Consider whether you need to provide information to interested parties such as neighbours and your local community to explain how you manage your activities to comply with your permit.

Once your management system has been completed, you can submit it to the EA/NRW with your permit application. They will ask to see it periodically to ensure that you are keeping it up to date and you are doing what you said you would do.

To read Linda’s previous articles, click on the following links:

Management Systems and Environmental Permits for ATFs – Part One

Management Systems and Environmental Permits for ATFs – Part Two

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Owain Griffiths

Owain Griffiths

Head of Circular Economy at Volvo Cars

Owain joined Volvo Cars in June 2021 to lead Circular Economy in the Global Sustainability Team. The company has committed to being a circular business by 2040 and has financial, recycled content and CO2 based targets for 2025, all of which Owain is working across the company to make happen. Owain previously worked for circular economy consultancy Oakdene Hollins where he advised businesses on evidence led circular economy implementation.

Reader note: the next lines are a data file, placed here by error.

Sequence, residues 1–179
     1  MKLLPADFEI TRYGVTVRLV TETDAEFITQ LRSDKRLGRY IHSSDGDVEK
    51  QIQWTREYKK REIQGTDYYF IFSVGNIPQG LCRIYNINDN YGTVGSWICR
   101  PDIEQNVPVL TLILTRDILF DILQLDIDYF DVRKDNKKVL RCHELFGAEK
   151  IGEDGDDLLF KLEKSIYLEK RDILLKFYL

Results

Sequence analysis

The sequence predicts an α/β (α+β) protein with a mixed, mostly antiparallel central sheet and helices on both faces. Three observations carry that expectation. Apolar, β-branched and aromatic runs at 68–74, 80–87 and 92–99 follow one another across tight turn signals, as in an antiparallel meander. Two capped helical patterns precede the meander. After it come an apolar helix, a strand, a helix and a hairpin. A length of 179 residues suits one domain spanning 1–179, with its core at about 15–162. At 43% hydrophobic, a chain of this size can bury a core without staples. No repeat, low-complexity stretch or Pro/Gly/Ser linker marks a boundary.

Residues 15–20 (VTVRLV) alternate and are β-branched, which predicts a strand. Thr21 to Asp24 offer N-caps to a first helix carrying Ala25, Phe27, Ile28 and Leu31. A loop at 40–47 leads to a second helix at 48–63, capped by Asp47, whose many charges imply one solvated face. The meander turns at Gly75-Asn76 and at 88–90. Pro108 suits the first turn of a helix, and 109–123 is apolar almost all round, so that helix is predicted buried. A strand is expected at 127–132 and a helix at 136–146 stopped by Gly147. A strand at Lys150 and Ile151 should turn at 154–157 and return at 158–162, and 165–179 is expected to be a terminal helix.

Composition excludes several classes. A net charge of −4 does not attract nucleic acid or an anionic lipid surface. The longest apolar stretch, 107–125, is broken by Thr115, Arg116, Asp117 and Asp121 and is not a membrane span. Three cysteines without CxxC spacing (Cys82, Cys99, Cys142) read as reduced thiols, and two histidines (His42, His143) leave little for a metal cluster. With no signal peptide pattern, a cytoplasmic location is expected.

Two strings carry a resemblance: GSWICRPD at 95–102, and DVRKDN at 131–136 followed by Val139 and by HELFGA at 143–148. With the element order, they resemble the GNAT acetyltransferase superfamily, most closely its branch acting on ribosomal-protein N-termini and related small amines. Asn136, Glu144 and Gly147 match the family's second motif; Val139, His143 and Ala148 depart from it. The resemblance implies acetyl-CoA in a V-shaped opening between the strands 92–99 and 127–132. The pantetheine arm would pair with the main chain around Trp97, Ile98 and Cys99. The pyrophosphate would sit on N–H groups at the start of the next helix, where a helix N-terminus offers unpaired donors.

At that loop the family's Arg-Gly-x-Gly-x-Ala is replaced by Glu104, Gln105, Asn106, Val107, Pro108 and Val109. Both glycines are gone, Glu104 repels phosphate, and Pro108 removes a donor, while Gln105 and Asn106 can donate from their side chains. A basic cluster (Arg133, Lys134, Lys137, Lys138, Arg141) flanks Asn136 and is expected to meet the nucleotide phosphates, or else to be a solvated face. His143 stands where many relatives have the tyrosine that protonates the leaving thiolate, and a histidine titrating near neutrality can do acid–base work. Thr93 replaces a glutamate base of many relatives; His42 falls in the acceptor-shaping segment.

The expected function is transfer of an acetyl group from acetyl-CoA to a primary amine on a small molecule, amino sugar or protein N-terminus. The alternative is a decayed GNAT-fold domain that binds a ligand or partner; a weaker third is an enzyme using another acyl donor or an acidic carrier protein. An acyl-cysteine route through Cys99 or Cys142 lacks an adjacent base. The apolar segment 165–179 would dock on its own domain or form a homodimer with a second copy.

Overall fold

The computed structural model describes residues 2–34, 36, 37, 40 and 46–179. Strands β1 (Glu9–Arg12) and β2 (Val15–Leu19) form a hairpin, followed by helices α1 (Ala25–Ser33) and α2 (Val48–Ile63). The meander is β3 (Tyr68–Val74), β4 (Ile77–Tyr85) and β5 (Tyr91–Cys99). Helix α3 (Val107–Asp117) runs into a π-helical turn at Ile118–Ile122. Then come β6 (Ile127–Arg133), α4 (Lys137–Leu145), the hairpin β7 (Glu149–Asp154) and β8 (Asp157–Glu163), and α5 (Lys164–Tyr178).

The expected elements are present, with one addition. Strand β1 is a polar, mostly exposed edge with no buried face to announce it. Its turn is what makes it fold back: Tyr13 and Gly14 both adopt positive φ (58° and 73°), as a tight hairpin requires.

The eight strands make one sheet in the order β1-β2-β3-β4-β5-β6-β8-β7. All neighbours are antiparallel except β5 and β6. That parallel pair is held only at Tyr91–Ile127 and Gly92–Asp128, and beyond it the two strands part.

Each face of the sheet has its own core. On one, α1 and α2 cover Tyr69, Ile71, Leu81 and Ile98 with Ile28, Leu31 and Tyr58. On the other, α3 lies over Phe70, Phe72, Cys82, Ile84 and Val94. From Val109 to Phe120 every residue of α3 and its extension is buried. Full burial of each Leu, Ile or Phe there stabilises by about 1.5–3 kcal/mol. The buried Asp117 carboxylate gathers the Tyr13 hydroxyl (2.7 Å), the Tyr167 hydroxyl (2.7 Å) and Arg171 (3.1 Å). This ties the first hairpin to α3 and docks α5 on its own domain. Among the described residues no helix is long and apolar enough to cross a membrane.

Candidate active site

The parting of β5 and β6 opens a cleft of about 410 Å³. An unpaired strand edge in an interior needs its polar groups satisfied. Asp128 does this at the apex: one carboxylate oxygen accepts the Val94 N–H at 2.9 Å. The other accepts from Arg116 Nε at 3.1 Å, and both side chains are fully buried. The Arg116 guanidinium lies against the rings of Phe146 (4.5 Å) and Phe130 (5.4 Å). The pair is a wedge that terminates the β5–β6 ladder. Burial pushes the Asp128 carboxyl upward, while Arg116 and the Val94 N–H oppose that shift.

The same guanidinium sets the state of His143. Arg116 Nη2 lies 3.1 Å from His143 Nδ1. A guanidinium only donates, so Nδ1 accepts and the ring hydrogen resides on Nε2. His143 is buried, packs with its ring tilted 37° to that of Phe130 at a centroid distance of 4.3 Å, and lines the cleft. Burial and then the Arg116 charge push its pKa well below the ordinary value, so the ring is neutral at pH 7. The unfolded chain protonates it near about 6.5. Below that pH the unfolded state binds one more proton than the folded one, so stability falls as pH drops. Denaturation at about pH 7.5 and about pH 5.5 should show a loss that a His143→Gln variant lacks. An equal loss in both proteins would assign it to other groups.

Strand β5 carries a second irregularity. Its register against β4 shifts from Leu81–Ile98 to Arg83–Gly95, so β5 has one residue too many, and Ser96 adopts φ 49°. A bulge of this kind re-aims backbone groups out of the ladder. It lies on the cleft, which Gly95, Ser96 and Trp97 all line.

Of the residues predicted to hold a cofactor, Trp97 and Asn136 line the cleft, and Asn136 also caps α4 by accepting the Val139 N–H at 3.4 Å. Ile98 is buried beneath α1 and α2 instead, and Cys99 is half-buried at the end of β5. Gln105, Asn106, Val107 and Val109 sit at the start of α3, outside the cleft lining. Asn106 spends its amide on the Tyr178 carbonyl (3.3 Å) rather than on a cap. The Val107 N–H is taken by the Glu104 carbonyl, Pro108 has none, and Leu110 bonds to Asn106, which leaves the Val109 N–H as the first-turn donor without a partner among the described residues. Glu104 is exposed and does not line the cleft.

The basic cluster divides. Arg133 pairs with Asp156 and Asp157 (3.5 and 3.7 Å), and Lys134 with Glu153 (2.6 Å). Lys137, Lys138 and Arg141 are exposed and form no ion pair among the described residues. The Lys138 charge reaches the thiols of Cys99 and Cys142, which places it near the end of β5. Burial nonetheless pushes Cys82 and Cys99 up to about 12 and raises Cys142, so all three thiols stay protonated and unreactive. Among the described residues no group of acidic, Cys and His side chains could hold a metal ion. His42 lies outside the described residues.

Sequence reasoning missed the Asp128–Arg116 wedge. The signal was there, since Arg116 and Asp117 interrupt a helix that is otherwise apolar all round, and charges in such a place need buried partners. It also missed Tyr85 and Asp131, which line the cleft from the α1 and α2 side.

Turning into a circular business and the importance of vehicle reuse and recycling.

The presentation will cover the work Volvo Cars is doing to achieve 2025 but mainly focus on the transformational work towards 2040 and the business and value chain changes being considered. Attention will be paid to the way vehicles are being dealt with at the end of life and the complexities of closing material and component loops. Opportunities and challenges which Volvo Cars is facing will be presented including engagement with 3rd parties and increasing pressure from stakeholders.